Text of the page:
The UK economy started its journey on the long road to recovery in May as lockdown restrictions were eased towards the end of the month.
The latest monthly estimate of GDP shows the economy grew by 1.8%, compared to a contraction of 20.3% in April.
The latest growth estimate did disappoint economists, being lower than the consensus estimate of 5.5%, but the miss highlights the difficulty in forecasting growth during this period.
When looking at the three months to May, and comparing it to the same three months a year earlier, economic activity is down by 18.6% in real terms, highlighting the gravity of the situation.
Looking at the main sectors of the economy, manufacturing led the way with a jump of 8.4%, while the construction sector grew by 8.2%. However, the services sector, the largest of the economy, only managed 0.9% growth. This is understandable as many non-essential services remained closed during the period.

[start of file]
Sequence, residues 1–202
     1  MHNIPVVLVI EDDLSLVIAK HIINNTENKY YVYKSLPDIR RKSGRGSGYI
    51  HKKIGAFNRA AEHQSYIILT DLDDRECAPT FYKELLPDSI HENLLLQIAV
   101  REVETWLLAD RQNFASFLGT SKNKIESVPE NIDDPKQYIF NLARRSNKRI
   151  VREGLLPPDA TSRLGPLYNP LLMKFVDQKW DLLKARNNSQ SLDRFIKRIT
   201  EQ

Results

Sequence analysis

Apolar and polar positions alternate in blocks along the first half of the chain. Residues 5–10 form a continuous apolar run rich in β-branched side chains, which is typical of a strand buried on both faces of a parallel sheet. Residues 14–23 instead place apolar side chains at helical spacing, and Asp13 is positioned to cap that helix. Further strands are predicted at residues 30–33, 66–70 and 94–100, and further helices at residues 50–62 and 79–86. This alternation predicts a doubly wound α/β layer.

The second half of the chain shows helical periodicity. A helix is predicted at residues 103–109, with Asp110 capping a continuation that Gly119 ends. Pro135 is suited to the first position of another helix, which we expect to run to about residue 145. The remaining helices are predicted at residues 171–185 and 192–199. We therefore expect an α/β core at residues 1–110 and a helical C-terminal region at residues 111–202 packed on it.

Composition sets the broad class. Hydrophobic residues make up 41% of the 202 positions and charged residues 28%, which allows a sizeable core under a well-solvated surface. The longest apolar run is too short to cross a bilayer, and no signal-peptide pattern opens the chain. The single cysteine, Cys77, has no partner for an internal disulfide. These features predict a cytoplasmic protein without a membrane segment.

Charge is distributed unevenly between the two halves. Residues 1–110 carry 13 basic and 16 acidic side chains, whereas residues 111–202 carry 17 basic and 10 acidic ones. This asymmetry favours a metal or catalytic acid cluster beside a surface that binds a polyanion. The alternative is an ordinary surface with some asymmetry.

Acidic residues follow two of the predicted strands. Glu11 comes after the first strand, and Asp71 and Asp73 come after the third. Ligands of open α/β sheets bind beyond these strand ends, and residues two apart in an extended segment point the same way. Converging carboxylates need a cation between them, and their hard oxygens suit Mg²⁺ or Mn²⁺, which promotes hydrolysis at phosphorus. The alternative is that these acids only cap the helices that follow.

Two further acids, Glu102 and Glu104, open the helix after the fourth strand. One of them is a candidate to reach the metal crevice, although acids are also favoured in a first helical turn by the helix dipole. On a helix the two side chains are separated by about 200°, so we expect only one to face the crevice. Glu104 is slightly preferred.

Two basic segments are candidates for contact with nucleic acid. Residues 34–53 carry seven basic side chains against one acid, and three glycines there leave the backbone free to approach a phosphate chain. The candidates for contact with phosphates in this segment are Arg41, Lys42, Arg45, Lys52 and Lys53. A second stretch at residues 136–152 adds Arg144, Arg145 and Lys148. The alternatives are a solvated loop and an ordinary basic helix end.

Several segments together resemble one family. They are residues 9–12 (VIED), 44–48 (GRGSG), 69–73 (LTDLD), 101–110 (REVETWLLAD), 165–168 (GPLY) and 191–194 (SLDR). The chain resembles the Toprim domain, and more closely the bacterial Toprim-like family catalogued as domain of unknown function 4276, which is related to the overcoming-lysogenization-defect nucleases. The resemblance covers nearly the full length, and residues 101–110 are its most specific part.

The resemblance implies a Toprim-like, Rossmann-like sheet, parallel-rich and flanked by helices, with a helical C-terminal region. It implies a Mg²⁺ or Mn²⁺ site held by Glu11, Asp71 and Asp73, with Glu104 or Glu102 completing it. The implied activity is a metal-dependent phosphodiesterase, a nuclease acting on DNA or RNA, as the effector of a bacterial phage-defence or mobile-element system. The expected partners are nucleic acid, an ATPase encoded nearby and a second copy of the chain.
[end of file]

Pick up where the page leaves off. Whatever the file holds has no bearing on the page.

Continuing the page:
Within the services sub-sectors, ‘wholesale and retail etc.’ saw the best improvement, up 13% over the month; however, a number of sub-sectors contracted again in May, including ‘information and communication’ and ‘real estate activities’.
The bulk of the fiscal stimulus announced in the Chancellor’s mini-budget focused on helping companies bring back their workers from furlough. Yet, the ‘accommodation and food services’ sector probably received the most in aid, with the reduction in VAT and “eat-out” incentives. This could be essential to help the troubled sector as the latest figures show activity is down 92% since February.
Looking ahead, next month’s GDP figures are very likely to show an acceleration in growth. More retailers and offices returned to work in June, though most personal services providers, along with public gatherings in restaurants and bars, did not return until July.